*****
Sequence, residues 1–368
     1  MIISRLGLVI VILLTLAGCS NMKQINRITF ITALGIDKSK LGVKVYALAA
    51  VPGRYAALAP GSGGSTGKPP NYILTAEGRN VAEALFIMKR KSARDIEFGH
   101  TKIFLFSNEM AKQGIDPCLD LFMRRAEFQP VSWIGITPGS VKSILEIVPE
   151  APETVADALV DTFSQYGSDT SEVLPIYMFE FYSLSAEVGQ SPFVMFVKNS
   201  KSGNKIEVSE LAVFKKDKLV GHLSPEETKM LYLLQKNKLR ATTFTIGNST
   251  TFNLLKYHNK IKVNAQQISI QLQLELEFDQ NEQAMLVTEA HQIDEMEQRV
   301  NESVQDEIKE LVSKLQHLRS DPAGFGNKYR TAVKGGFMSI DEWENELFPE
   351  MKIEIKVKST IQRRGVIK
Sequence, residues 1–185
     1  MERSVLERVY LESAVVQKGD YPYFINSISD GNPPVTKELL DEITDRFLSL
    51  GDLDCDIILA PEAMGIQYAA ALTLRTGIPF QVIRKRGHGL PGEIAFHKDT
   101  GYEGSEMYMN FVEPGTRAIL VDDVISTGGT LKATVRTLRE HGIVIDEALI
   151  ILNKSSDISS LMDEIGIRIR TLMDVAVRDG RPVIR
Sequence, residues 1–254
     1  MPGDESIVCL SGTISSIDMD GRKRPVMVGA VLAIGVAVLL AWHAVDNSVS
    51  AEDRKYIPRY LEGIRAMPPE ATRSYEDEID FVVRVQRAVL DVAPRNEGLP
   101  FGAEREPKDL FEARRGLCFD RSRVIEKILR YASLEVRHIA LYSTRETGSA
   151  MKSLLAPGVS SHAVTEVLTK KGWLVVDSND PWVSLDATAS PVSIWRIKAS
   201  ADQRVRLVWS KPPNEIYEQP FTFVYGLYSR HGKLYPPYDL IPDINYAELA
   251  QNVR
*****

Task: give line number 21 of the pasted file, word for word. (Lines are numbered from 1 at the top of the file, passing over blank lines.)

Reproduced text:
   251  QNVR